Severe stress switches CRF action in the nucleus accumbens from appetitive to aversive.

Lemos JC, Wanat MJ, Smith JS, Reyes BA, Hollon NG, Van Bockstaele EJ, Chavkin C, Phillips PE - Nature (2012)

Stress exposure abolishes the CRF mediated increase in evoked dopamine release and subsequent appetitive behaviorsa, Effect of CRF on dopamine release in naïve mice (blue) and following swim stress (red), n = 8-18 (left), and in animals that were pretreated with the glucocorticoid-receptor antagonist, RU 486 (30 mg/kg, i.p.) or its vehicle prior to stress, n= 6-10 (right). b, Mean (+ s.e.m) place preferences for intra-accumbensCRF in naïve (blue) and stress exposed mice (red), n = 6-8 (left) and representative activity traces (right). c, Difference in the increased center time during presentation of novel object between vehicle and CRF-receptor antagonism in naïve (blue) and 7-day post-stress (red) animals, n = 9-10. Data on bar graphs are mean + s.e.m.; ns p > 0.05, * p < 0.05, ** p < 0.01; § p < 0.05, §§ p < 0.01 for interaction.
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Figure 4: Stress exposure abolishes the CRF mediated increase in evoked dopamine release and subsequent appetitive behaviorsa, Effect of CRF on dopamine release in naïve mice (blue) and following swim stress (red), n = 8-18 (left), and in animals that were pretreated with the glucocorticoid-receptor antagonist, RU 486 (30 mg/kg, i.p.) or its vehicle prior to stress, n= 6-10 (right). b, Mean (+ s.e.m) place preferences for intra-accumbensCRF in naïve (blue) and stress exposed mice (red), n = 6-8 (left) and representative activity traces (right). c, Difference in the increased center time during presentation of novel object between vehicle and CRF-receptor antagonism in naïve (blue) and 7-day post-stress (red) animals, n = 9-10. Data on bar graphs are mean + s.e.m.; ns p > 0.05, * p < 0.05, ** p < 0.01; § p < 0.05, §§ p < 0.01 for interaction.
Mentions: Exposure to severe or chronic stress can produce profound alterations in normal stress signaling that can be detrimental to physical and mental health, predisposing individuals to depression19. To model this phenomenon, we employed a modified Porsolt paradigm in which mice are exposed to two days of repeated swim stress. Animals were placed in a vessel of water (29.0 - 31.0 °C) for 15 minutes followed by four additional 6-minute swim sessions (separated by 6-minute recovery periods) 24 hours later. This protocol has been shown to produce escalating immobility across sessions indicating a depression-like phenotype20. We prepared coronal slices of the nucleus accumbens from these animals thirty minutes after the final stress exposure and found that the ability for CRF to potentiate dopamine release was completely abolished (stress exposure by drug, F4,116 = 12.61, p < 0.001 two-way ANOVA, Fig. 4a). Notably, we established that this change in the ability of CRF to regulate dopamine release was not a generalized change in stress-related peptide signaling as the effect of a kappa-opioid agonist to reduce dopamine release was unaffected by the two-day stress-exposure paradigm (Supplementary Fig. 9). Therefore, these data demonstrate that severe stress selectively abolishes CRF’s ability to modulate dopamine release in the nucleus accumbens. Surprisingly, there was no recovery of the action of CRF on dopamine release in the nucleus accumbens 7, 30 or even 90 days after stress exposure (stress exposure by drug, F4,116 = 4.852, p < 0.01, two-way ANOVA; Fig. 4a). This time period is consistent with the protracted course of stress-induced depressive disorders21, and indeed, a depression-like phenotype was maintained across this 90-day post-stress period as assessed by swim immobility (Supplementary Fig. 10). Importantly, the loss of the CRF response was neither due to a baseline change in evoked dopamine release (Supplementary Fig. 11) nor simply an age-related phenomenon (Supplementary Fig. 12). Therefore, we have demonstrated that severe stress produces a persistent dysregulation of CRF-dopamine interactions that normally produce a positive affective state.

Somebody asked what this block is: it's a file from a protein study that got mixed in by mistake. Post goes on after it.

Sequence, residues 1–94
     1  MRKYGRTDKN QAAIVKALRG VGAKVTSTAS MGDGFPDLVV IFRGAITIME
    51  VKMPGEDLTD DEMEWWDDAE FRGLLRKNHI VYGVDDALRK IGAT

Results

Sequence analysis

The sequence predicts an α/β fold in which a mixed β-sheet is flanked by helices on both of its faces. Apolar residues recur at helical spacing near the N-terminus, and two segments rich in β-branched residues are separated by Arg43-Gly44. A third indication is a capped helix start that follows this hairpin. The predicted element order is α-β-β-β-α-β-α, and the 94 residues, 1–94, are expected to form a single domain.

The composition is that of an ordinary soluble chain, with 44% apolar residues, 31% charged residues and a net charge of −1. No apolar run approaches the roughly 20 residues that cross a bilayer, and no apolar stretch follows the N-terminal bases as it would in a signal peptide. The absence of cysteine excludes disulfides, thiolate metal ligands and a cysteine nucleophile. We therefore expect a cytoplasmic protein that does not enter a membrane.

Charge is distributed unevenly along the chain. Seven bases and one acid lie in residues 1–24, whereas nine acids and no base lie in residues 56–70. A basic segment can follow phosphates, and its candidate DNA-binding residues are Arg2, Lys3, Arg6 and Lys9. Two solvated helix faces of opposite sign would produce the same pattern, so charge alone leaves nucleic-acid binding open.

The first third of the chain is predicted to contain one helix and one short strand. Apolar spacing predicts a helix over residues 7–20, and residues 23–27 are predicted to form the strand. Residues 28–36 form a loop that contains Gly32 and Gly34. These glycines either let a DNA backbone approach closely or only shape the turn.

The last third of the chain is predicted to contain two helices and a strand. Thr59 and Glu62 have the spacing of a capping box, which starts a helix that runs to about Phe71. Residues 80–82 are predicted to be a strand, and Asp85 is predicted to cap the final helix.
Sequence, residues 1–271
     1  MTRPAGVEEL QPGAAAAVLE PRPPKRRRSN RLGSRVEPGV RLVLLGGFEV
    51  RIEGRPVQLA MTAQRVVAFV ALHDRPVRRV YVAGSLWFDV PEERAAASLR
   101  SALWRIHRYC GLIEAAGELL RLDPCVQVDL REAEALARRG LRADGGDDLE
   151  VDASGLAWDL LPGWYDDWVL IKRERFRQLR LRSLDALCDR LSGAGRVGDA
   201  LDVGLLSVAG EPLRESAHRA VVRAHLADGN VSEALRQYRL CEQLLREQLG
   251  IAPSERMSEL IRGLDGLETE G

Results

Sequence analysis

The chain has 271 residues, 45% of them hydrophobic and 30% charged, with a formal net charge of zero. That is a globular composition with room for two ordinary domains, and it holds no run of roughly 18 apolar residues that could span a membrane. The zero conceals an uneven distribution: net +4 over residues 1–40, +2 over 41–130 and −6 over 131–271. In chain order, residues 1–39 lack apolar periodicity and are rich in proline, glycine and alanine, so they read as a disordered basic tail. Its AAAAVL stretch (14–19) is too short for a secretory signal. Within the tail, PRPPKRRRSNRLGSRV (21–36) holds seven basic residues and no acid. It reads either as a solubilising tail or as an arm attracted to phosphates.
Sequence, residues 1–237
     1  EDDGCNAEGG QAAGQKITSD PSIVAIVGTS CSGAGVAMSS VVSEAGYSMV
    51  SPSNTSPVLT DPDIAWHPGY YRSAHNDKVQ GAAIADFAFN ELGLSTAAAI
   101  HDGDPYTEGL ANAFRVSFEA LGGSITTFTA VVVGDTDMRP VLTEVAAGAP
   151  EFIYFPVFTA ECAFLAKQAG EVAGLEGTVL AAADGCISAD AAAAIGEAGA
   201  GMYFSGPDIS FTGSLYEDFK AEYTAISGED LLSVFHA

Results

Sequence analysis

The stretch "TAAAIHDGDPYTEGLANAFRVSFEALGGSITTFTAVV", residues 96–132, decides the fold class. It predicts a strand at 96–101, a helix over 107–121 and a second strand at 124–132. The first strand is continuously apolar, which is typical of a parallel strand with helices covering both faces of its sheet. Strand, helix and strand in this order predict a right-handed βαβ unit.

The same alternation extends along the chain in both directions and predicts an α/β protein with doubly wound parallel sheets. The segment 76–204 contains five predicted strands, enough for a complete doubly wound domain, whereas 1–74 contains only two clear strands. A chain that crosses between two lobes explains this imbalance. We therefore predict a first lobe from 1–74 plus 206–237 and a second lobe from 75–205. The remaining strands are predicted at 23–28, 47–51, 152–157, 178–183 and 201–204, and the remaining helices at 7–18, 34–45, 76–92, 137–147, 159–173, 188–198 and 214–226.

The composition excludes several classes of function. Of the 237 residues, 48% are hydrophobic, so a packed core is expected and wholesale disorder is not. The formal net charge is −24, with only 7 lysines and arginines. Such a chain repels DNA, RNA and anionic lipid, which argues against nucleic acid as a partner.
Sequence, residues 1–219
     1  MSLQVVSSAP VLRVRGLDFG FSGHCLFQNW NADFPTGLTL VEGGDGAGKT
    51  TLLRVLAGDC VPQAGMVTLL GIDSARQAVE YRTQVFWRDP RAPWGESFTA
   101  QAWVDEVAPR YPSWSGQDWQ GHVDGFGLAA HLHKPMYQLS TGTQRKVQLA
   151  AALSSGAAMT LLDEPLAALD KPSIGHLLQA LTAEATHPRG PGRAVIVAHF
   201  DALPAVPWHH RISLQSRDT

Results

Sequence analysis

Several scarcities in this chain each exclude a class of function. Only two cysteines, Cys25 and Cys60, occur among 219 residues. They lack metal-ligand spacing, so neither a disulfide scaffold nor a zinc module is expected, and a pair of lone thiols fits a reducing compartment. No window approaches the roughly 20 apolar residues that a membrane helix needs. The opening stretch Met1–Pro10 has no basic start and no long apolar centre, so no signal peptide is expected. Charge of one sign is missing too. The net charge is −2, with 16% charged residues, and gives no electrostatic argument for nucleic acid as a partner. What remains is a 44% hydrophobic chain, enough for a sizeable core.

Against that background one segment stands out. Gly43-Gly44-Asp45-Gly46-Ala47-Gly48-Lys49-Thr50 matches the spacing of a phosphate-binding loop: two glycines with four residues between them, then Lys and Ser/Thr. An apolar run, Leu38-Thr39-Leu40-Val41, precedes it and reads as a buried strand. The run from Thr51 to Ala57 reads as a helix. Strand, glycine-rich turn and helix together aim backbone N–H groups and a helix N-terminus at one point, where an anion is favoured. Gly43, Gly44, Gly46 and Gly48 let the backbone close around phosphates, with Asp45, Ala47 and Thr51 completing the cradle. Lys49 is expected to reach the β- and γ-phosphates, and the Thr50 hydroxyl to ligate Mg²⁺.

Bottom Line: Remarkably, severe-stress exposure completely abolished this effect without recovery for at least 90 days.This loss of CRF's capacity to regulate dopamine release in the nucleus accumbens is accompanied by a switch in the reaction to CRF from appetitive to aversive, indicating a diametric change in the emotional response to acute stressors.Thus, the current findings offer a biological substrate for the switch in affect which is central to stress-induced depressive disorders.

View Article: PubMed Central - PubMed

Affiliation: Department of Psychiatry and Behavioral Sciences, University of Washington, Seattle, Washington 98195, USA.

ABSTRACT
Stressors motivate an array of adaptive responses ranging from 'fight or flight' to an internal urgency signal facilitating long-term goals. However, traumatic or chronic uncontrollable stress promotes the onset of major depressive disorder, in which acute stressors lose their motivational properties and are perceived as insurmountable impediments. Consequently, stress-induced depression is a debilitating human condition characterized by an affective shift from engagement of the environment to withdrawal. An emerging neurobiological substrate of depression and associated pathology is the nucleus accumbens, a region with the capacity to mediate a diverse range of stress responses by interfacing limbic, cognitive and motor circuitry. Here we report that corticotropin-releasing factor (CRF), a neuropeptide released in response to acute stressors and other arousing environmental stimuli, acts in the nucleus accumbens of naive mice to increase dopamine release through coactivation of the receptors CRFR1 and CRFR2. Remarkably, severe-stress exposure completely abolished this effect without recovery for at least 90 days. This loss of CRF's capacity to regulate dopamine release in the nucleus accumbens is accompanied by a switch in the reaction to CRF from appetitive to aversive, indicating a diametric change in the emotional response to acute stressors. Thus, the current findings offer a biological substrate for the switch in affect which is central to stress-induced depressive disorders.

Show MeSH
Related in: MedlinePlus